While the document was full of a lot of eye-opening viewpoints and crazy beliefs, there was one point that remained hidden in plain sight — a bullet point that explained the Nazi Party’s views on religion in Germany — point 24:
“The Party as such represents the viewpoint of Positive Christianity without binding itself to any particular denomination.”
Confused? Me too.
But here’s a supporting statement for what they really meant:
“…insofar as they do not jeopardize the state’s existence or conflict with the moral sentiments of the Germanic race.”
Okay, I’m still a bit confused too.
What were the Nazis’ views on religion?
At the time of the reign of Hitler and his band of bigoted idiots, Christianity dominated the country of Germany.
A whopping 98% of the country belonged to the religion — 66% were Protestant and 32% were Roman Catholic.
The leaders of the Nazi Party did not like this little factoid one bit.
They had at least three reasons:
- The origins of Christianity was inherently intertwined with Judaism (an obvious problem for an anti-Semitic party)
- Churches operated independently of the government and even took orders from leaders outside of Germany (for instance the Pope in Rome)
- Christianity’s central doctrines were viewed as being the opposite of what the Nazis envisioned their German people as being — meekness, politeness, and kindness were signs of lesser races to them.
And while Hitler himself proclaimed time and time again he was a Christian at heart, the upper echelon of his party had fervent disbelievers. So much so that many historians believe it was the Nazis’ goal to completely rid the country of established churches over the long haul.
Heinrich Himmler, Martin Bormann, and Alfred Rosenberg were three of the staunchest anti-church Nazis in power.
They went so far as to create the kirchenkampf (“church struggle”) campaign — with the objective of bringing all organized religions under the control of the Nazi Party.
And by the end of the war, their campaign had succeeded to a certain degree; the Seventh-day Adventist Church, The Salvation Army, Christian Saints, and Bruderhof all vanished from Germany during that time.
Himmler‘s a son of a witch
As part of their long-term strategy of reorganizing any religious belief around Hitler and the Nazi Party, Himmler thought he had the ace in the hole.
Himmler created a new department under the control of the Security Service (SS). He called it the H-Sonderauftrag (“H-Special order”) and set a team of researchers to the task.
To prove all of the European witch trials were actually an attempt by the Roman Catholic Church to completely snuff out an ancient Germanic pagan belief system.
One that was truly righteous and supported the Aryan race as pure and above all others. One that was also full of shit, of course.
Himmler appointed a specialist in humanities to lead the project. A young man by the name of Hermann Max Rudolf Levin was looking to make a name for himself.
Rudolf, as he was known, had around 12 fellow scientists under his command.
It was no small feat to create a massive propaganda piece denouncing an entire religion.
While starting in 1938, Rudolf and his team were thought to have sifted through at least 30,000 separate incidences in the next 6 years. This included searching through 260 separate libraries and archives the Reicht had access to.
By 1944, Himmler assured the public, he would have a document proving the malfeasance and targeted campaign of the Catholic church. Proof that they had engaged in witch trials to essentially snub out the ethnicity of the German race.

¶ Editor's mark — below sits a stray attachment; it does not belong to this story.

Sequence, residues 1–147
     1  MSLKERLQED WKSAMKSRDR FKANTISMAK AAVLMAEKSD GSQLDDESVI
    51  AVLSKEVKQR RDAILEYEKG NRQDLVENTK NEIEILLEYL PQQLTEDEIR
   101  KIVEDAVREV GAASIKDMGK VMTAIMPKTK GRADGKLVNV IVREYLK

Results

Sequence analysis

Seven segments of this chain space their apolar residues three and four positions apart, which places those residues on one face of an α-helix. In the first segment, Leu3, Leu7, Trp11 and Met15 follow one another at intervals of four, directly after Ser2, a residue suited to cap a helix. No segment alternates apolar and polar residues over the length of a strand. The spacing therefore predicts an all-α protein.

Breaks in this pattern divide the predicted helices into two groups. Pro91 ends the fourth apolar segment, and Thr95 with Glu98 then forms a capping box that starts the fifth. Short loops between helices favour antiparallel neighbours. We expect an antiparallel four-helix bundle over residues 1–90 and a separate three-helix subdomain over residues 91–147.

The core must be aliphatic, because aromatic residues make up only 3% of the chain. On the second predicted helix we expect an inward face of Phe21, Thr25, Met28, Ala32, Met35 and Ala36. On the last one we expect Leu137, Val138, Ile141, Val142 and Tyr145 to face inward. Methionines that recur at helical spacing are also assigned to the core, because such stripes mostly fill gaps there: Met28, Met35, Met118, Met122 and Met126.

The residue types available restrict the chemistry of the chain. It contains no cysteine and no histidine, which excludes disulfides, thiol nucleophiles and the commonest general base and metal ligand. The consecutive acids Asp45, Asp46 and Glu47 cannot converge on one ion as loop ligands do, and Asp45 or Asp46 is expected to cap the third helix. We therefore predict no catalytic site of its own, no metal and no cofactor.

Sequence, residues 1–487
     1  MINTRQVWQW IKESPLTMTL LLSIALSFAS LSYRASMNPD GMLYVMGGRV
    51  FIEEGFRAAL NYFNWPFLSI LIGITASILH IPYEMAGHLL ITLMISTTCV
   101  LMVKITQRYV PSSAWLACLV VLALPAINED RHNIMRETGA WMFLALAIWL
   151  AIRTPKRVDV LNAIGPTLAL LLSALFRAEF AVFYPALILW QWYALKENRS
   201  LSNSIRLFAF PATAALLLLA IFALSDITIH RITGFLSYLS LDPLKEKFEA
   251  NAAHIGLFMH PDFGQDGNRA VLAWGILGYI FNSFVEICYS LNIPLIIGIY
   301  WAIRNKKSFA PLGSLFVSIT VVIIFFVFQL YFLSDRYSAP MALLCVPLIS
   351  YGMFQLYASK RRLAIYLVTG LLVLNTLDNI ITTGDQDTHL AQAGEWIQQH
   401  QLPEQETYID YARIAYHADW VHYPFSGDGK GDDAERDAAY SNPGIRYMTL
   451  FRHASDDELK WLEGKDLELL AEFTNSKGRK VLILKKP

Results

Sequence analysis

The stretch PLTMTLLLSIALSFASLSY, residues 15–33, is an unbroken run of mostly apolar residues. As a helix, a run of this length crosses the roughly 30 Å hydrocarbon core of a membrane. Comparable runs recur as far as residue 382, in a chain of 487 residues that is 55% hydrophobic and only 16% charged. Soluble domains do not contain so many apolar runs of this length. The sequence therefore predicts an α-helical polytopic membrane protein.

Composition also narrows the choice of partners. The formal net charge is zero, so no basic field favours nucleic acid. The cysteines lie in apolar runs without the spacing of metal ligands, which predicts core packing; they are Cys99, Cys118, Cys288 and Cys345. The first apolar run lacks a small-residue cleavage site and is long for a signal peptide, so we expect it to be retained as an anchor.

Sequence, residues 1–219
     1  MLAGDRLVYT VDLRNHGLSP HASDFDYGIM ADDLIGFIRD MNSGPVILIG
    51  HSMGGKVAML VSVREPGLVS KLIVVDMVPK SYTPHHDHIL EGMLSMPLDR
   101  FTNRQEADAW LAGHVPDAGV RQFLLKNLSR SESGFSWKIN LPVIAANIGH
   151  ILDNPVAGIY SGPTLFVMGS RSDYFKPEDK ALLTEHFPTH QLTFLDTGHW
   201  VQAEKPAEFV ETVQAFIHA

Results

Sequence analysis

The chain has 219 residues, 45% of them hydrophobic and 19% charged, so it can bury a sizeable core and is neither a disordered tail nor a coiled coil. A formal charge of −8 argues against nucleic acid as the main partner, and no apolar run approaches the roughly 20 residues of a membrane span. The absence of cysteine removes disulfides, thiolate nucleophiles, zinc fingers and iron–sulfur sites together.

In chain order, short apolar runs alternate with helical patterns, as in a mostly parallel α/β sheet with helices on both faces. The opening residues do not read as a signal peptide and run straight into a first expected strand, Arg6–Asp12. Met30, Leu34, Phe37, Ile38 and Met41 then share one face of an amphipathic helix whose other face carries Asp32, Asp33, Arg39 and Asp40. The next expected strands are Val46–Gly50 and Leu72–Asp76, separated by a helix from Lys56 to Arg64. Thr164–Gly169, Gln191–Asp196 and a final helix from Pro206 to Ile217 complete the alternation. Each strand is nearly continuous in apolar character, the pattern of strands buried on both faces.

The big day came — the massive thesis was presented to a team of skeptics at Munich University in 1944.
And was promptly rejected.
The irony of the aftermath
While it was probably an incredibly dangerous game to turn down officially produced Nazi propaganda, the terrible state of the war at that time (if you were a Nazi) probably presented a few opportunities to dissent.
The documents were rife with falsities, cherry-picked cases, and rampant run-along conclusions. Of course, it had to be rejected.
We all know the story of what came next with the end of WWII. But perhaps the greatest irony is what happened after that.
The very religion that Himmler and his team sought to eliminate because of the logic behind witch trials, of all things, ended up helping the Nazis escape Europe.
Or at least various factions of the Roman Catholic Church did.
A time to flee
After the end of the war, Nazis were situated all over Europe. Many of them had been accused of war crimes and were being hunted down feverishly by the new authorities.
A wave of communism was also taking over several eastern countries in Europe — a very anti-Catholic wave of Communism.
With certain aspects of the Roman Catholic Church having different reasons for helping fascists and Nazi sympathizers flee — they created a system of escape for them to run to different countries in South America.
Kind of like the Underground Railroad, only full of murderous assholes instead of runaway slaves.
They called these two main routes the ratlines and they helped hundreds if not thousands of Nazis escape over the next several years.
And just a couple of short years later, the U.S. government started using the same escape routes too. They wanted as many Nazi scientists as possible who were located in Red territory and they weren’t about to let the Communist USSR get a hold of anymore of them.
And that’s the strange connection between Nazis, witches, and how the Roman Catholic Church ended up helping the same regime that fought against them the entire war.
They really took the whole “forgive those who trespass against us” thing a lot further back then, didn’t they?
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- Bevölkerung nach Religionszugehörigkeit (1910–1939) (PDF)
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